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Tuesday, November 29, 2016

30 Days of Kindness to My Husband And More

I wrote my memoir Starving Girl in 30 days.  I didn’t think it could be done, after all, I’d spent years and years writing my other books, many of which were still unfinished.  What was different about Starving Girl?  I created an exciting dramatic experience in my own life and the story line followed.  

The bottom line was I needed a challenge, presented in my day-to-day living.  Something big enough to inspire me into a new exciting reality.  With that in mind, I started on my next 30-day challenge.  Why 30 days?  Because 30 days is a good base number to form a new habit. (Read here for more ideas about that). 30 Days of Kindness to My Husband was born. 

Like my first 30 days of fasting, 30 Days of Kindness to My Husband was thrilling, but the story behind it was more subtle than 30 days of fasting.  It started first with intention and in a beautiful dance of will, my actions followed.  From day one, I say my husband Derek different.  He was my focus and like a flame in the darkness, I became more aware of his presence.  My every day actions became more narrowed on him.  Before, I’d rush through conversations, a sort of “Get to the point,” perspective.  After all, I’m a busy girl and if I allowed it, our dialogue could be all business:  What are the kid’s schedules?  Who’s picking which kid up where?  Did you call the plumber?  Did you see where I put my shoes?  A marriage should not be a business partnership, even if only for moments at a time.

My husband is such a gift.  In a world full of ill intended, even arrogant men, he is a serving, loving, adorable gem.  I didn’t mean to take him for granted, but I did.  So how did writing keep me on task to change my habits?

It started with my wedding photos.  I pulled out my wedding album and randomly started looking at us.  This was going to be fun.

During my 30 Days of Kindness to My Husband, I found clues everywhere suggesting I could do better as a wife and kept mental notes.  So many aspects of me had slipped, including my patience.  Quick wit could be one of my literal gifts, but over the years it had turned into unintended insults and my tongue snapped like fingers at a jazz concert.  I didn’t mean to be so opinionated, but wasn’t it obvious I knew better.  Small tasks like driving turned into me offering suggestions and pointing out discrepancies.  Just wanting to help was an unnecessary evil.  If I had not set my goal to put kindness first, I’m not sure I would have noticed Derek’s larger-the-life patience, his awareness of my needs, the children’s needs and the purposeful way he provides for our family.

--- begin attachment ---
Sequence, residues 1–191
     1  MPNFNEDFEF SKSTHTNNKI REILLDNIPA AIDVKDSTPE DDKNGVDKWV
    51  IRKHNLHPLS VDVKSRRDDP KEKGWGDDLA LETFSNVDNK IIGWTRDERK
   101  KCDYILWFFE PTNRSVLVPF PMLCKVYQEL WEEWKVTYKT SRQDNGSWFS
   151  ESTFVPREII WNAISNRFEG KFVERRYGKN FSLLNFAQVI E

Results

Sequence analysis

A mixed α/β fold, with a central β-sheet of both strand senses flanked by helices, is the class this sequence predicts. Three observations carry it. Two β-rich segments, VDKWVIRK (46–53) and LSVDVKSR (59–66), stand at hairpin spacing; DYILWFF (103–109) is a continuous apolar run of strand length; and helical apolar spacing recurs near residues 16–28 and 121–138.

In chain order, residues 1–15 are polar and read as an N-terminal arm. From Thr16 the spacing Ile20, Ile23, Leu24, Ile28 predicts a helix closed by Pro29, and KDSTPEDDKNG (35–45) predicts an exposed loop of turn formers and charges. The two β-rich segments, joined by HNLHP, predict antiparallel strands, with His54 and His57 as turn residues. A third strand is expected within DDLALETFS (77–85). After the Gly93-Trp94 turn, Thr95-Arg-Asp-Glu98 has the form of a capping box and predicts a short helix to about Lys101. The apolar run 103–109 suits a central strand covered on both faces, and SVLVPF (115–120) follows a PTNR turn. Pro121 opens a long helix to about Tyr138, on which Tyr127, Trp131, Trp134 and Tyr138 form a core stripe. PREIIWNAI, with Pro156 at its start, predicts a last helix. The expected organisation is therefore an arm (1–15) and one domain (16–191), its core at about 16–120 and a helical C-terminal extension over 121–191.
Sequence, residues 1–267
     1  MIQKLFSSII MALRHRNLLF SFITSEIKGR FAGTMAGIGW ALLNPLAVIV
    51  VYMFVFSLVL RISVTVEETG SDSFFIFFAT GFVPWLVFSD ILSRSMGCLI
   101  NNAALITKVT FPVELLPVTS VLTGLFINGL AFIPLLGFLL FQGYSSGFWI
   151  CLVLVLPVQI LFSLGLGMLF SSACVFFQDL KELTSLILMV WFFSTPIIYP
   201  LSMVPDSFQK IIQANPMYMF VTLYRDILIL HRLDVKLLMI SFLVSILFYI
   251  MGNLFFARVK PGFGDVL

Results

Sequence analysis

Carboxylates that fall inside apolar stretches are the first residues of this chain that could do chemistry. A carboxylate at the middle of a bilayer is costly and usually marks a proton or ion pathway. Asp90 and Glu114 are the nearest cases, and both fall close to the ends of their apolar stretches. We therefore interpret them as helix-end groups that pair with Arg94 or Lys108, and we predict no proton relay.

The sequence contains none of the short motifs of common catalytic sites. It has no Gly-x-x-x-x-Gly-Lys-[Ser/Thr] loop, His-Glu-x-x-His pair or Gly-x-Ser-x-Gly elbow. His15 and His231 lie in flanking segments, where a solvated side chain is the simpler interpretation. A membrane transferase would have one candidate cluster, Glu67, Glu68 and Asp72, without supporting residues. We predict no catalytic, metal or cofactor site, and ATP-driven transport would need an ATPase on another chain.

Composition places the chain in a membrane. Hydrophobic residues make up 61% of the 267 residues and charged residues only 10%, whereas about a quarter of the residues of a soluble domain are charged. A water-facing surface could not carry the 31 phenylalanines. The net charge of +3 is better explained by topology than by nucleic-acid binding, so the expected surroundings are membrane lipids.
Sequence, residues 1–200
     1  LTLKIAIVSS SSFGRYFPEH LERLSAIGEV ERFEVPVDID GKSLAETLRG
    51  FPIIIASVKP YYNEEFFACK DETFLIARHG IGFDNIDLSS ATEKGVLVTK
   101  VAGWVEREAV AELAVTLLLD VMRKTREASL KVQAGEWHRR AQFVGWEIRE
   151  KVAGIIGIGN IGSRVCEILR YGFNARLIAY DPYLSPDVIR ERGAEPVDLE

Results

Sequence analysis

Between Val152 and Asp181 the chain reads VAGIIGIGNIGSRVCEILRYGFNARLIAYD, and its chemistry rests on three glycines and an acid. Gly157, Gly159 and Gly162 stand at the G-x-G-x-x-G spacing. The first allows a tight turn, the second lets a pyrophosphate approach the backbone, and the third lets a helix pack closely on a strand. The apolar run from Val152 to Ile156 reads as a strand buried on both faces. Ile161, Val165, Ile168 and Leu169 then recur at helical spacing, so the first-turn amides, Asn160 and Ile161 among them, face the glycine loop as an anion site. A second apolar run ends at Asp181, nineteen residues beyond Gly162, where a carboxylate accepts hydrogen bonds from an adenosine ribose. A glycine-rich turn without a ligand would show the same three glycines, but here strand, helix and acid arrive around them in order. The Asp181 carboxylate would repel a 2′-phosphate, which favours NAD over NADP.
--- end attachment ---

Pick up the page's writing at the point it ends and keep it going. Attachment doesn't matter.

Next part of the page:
I started to see the story everywhere because Derek and I were the story.  His voice became more pronounced and I noticed his deep tones.  One night, when he reached for my hand, I actually had butterflies in my stomach and it reminded me of the romance we’d experience while dating.  I started sending him texts like “I love you” and “Hurry home.”  Always full of compliments, Derek would tell me I’m beautiful and I actually started listening to him.  His words meant something and if he spoke it, I respected him.  After a week of this, I finally felt the pure joy of his compliments.  The words “You’re beautiful,” entered my mind with such love, I could feel my perspective shift.  I was becoming how he saw me.  

With little effort, but a great big thing called intention, I had changed so much.  I loved who I’d become.  My need to be heard and be right all the time had gone away.  In its place was more trust, patience and love. I was surrounded by goodness and practically tripping over my blessings.  Derek’s love for me was life-changing and it was about time I took notice.

The last weekend of the 30-day challenge, Derek was out of town and I missed him terribly.  I thought of those who have long-distance relationships or couples who live apart because of military service.  How did they do it?  Like while fasting, I kept myself busy with the baby and household projects.  That night, I put the baby on my bed to change him into his pajamas when I noticed it – a yellow rose on my pillow.  My story unfolded again and the depth of love in my life was almost more than I could handle.  Derek’s presence was everywhere and I took this beautiful symbol of love to heart.  I would never go back to who I was before the 30 Days of Kindness to My Husband.  Kindness was the gift that kept giving.  How was I going to keep up with all the love coming back to me?  Now that was a challenge I could handle. 

The last day of the 30 Days of Kindness to My Husband, I did something I hadn’t expected.  I said to Derek, “I’m sorry.”  With tears in my eyes, I asked for his forgiveness.  Like a giant teddy bear, he wrapped me up in his arms and told me that was unnecessary.  He didn’t need me to apologize.  I was his perfect wife and he saw me for all the good I was.  Even still, I needed to say it and now, I’m on a new, fresh path in my relationship with my man.